Q2’21 GDP is going to be weak: say +0.25%qoq. More likely 0%qoq than 0.5%qoq.
My tracking estimate of the GDP-expenditure has fallen to -0.2%qoq. The headline GDP number is likely to be a bit better than this as it’s an average of three measures, and the (limited) partial indicators for GDP-income and GDP-production are better than than the expenditure numbers. It’d have to be pretty much the largest error on record for it to reach the RBA’s +0.75%qoq August SOMP forecast.
There will be a bit of new information in the GDP release, but based on the information we have, the underlying economy seems likely to have been much better than the an ‘adding-up’ approach to GDP will suggest. This is probably intuitive, if you know about the large subtractions from GDP due to net exports and business inventories. Domestic demand looks to be tracking around 1.25%qoq.
There are alternatives to this ‘adding-up’ approach to GDP (see this RBA RDP). These take a weighted average of the information in the various inputs, plus other inputs, and the weighted average than maps into GDP (the two models below enjoy correlation to QoQ GDP in the high 90s over the last decade).
These approaches are consistent with a far healthier economy in Q2. That seems consistent with the strong growth of employment and the decline of the unemployment rate. The main problem with these sorts of judgements is that employment lags GDP. In the case that GDP has genuinely changed direction, the labour market data tends to lag behind for one or two quarters.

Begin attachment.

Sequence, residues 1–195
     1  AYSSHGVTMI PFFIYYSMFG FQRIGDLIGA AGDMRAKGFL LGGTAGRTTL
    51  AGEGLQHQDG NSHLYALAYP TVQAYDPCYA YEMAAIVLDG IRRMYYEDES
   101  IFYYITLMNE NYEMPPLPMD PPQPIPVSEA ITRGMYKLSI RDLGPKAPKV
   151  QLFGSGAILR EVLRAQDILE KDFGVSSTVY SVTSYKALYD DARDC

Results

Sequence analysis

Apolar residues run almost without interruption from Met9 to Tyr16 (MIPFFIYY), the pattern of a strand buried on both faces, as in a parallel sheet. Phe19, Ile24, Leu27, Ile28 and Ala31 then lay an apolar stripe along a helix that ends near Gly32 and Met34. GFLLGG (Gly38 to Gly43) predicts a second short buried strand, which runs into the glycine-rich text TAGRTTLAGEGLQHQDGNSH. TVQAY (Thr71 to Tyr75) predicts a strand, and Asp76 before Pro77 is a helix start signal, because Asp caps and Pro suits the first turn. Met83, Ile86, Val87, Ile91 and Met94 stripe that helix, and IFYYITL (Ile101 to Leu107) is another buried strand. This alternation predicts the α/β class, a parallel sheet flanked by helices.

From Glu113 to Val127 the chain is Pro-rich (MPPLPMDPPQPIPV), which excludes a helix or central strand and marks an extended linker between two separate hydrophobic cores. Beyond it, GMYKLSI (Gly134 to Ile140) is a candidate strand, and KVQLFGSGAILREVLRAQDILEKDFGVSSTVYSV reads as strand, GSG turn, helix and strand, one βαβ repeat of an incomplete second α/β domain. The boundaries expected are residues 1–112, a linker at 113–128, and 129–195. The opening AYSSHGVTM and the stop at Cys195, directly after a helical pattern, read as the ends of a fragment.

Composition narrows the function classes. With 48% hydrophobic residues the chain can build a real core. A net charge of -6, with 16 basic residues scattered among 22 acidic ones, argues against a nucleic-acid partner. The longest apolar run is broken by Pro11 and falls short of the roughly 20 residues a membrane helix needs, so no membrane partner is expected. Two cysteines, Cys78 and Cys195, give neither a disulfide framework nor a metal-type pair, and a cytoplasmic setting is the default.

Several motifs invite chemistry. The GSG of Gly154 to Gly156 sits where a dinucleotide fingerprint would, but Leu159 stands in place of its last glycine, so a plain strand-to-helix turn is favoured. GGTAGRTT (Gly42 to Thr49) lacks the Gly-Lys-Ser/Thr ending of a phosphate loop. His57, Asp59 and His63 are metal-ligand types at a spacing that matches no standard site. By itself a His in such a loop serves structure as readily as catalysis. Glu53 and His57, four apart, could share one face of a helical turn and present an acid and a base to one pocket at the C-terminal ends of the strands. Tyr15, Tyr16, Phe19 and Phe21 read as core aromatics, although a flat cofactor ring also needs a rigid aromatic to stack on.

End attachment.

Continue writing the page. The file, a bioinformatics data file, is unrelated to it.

The lagging labour market does seem to have been part of the story in Q2’21. A model that excludes employment data (the blue line) is consistent with GDP growth of ~1.0%qoq; this is ~70bps slower than one that includes employment data (the orange line). However the main point is that both are much larger than what we’re likely see in the Q2’21 National Accounts.
The main take-away is that the RBA is unlikely moved by a weak headline Q2’21 print. They will try look through the number and stick with their plan to taper to 4bn starting in September. The main argument for doing something is to get ahead of the retail-confidence reaction.
The most likely monetary policy response is still to pre-commit to buying at 4bn per week until at least February (50%); pushing back the taper to November (30%) is still more likely than no reaction at all (20%). There’s just not much difference between the former two.
Comments are closed.